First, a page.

Awaiting state funding, board of ed works to bring back staff positions

Alaska lawmakers this session passed a budget bill that includes $175 million in one-time funding for Alaska’s K-12 schools

The Kenai Peninsula Borough School District is starting the process of bringing back some of the staffing cuts it implemented to balance its budget for the upcoming fiscal year, citing new money it expects to receive from the State of Alaska.

The board of education on Monday directed the district to bring back personnel positions it opted earlier this year to cut, such as pool managers and theater technicians, while it waits for Gov. Mike Dunleavy to sign a version of the state’s operating budget. Alaska lawmakers this session passed a budget bill that includes $175 million in one-time funding for Alaska’s K-12 schools.

KPBSD Finance Director Liz Hayes told the board’s finance committee on Monday that the one-time increase, as approved by lawmakers, would increase funding for KPBSD by about $11.7 million.

The budget document, however, has not yet been transmitted to Gov. Mike Dunleavy, who has the power to veto some or all of the document. Board members said Monday that they’re optimistic Dunleavy will approve some one-time funding for education, but were skeptical that he’ll approve the $175 million amount as-is.

“We think we’re gonna get a healthy, one-time funding amount which, as you know, that only is for one year, but we don’t think we’re going to get the entire amount,” Hayes told members of the finance committee Monday.

Heading into the current budget cycle, the school district was facing a budget deficit of about $13.1 million. The district is required to submit a balanced budget to the Kenai Peninsula Borough for approval, and so implemented a variety of adjustments to bring the document into compliance.

Following approval by board members, KPBSD used its remaining $6.4 million in federal COVID-19 relief funds, took about $820,000 in savings and implemented roughly $3.6 million in budget cuts to make up the deficit. The district also asked for — and received — full funding from the Kenai Peninsula Borough, which made available another $2.2 million to the district.

The cuts included about $3.4 million in staffing cuts, including pool managers, theater technicians and student success liaisons, which drew swift and passionate backlash from the community.

The school district all session has lobbied the Alaska Legislature for an increase to the base student allocation, or the amount of money school districts receive from the state per student. An increase to that amount, which hasn’t changed since fiscal year 2017, would catch up districts to inflation and allow districts to better plan for future fiscal years, KPBSD has said.

Even so, board members made clear that bringing back staff positions currently on the cut list is a priority.

If Dunleavy vetoes all $175 million, Hayes said the district will have enough money to cover the salaries of the positions previously cut, but it would use all of the district’s savings money.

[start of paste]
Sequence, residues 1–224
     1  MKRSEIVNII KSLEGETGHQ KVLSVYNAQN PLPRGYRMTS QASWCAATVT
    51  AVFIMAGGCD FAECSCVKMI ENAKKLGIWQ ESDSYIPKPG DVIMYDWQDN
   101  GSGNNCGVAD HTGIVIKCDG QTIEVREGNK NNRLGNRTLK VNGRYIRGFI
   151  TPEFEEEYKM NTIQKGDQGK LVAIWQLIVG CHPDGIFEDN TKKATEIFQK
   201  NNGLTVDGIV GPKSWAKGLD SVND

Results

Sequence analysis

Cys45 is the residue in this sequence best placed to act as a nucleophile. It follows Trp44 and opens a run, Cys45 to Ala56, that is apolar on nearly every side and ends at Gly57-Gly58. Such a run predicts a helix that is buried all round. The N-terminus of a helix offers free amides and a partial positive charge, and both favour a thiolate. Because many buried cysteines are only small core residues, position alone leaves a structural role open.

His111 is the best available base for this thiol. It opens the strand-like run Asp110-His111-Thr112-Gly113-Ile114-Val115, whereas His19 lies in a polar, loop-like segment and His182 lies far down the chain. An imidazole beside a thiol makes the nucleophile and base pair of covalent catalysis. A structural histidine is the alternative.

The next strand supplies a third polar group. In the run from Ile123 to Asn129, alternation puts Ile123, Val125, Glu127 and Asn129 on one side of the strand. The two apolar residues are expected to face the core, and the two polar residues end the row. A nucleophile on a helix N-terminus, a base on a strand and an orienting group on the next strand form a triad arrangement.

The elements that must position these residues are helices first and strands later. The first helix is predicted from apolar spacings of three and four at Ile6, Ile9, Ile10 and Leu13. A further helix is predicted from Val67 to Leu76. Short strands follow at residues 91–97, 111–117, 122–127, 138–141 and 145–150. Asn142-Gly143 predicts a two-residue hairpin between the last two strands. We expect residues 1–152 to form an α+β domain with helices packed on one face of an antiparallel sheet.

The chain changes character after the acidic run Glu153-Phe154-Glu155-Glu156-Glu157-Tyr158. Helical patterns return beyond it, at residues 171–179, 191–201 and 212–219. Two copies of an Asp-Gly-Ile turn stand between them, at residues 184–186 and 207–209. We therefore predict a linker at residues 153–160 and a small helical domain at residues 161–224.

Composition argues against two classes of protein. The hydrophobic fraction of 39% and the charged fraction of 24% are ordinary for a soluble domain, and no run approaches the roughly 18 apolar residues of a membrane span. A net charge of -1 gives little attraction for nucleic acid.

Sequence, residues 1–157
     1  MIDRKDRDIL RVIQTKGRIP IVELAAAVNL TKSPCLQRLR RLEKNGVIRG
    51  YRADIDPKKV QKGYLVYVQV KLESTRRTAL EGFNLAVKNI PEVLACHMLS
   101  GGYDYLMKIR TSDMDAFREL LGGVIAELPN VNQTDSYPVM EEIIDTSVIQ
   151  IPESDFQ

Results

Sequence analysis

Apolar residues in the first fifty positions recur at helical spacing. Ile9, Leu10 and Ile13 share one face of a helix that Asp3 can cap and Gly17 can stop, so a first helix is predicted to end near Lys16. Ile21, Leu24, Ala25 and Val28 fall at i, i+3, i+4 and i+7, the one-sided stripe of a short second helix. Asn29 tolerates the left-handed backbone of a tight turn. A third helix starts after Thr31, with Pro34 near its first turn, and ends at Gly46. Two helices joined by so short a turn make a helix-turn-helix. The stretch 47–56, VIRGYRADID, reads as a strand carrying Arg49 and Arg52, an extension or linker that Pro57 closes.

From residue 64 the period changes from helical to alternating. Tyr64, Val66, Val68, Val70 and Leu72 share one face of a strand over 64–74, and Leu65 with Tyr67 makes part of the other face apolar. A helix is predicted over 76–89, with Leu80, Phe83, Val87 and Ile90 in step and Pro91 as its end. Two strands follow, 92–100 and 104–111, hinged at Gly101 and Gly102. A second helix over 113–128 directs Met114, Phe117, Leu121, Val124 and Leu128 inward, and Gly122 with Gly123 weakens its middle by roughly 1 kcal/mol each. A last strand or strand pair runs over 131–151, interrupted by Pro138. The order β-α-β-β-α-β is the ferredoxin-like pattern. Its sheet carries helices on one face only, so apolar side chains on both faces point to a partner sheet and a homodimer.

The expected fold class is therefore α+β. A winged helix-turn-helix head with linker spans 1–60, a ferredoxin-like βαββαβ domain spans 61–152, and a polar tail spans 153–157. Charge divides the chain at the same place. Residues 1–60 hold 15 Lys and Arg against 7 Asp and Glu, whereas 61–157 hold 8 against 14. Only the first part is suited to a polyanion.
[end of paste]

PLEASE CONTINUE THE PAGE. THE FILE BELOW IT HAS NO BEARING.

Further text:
“We would have enough in fund balance and the committed fund balance that the board has control over, but it would pretty much wipe us out,” she said.

Finance committee member Jason Tauriainen said he supports bringing the cut positions back because the district could afford to pay for salaries even if Dunleavy vetoes all of the K-12 education money in the budget — which he thinks is “a highly unlikely scenario.”

“I personally am comfortable giving direction, with the fact that we have those emergency funds available to cover it if we had to, to recommend that these personnel action plans go out immediately,” Tauriainen said.

Finance Committee Chair Zen Kelly said he agrees that the district should issue personnel action forms to the staff it is planning to bring back with state money. Once Dunleavy signs off on funding, KPBSD can update its budget to bring positions back.

Dunleavy has 20 days to make changes to the budget document after he receives it. If the budget is transmitted to his office before June 10, that means the district would know by the end of June — also the end of fiscal year 2023 — how much money it will have to bring positions back.

“In preparing for this big waiting game of waiting for the transmittal to the governor for the governor to make his final decision, we will then have time in July to make a budget revision to account for all this, but we’re able to kind of be on the hook for this,” Kelly said.

Kelly further said, however, that the board should hold off on making plans for any money the district may have leftover once it brings back positions it cut to save money, such as the non-staff cuts made during the current budget cycle.

Looking ahead, Hayes said finance committee members should also keep in mind that, if the district maintains the status quo when it comes to funding, it will start next year’s budget process with another $13 million deficit on top of heading into contract negotiations with its two staff unions.

Monday’s board of education meetings will be available to stream on the district’s Board Docs webpage.

Reach reporter Ashlyn O’Hara at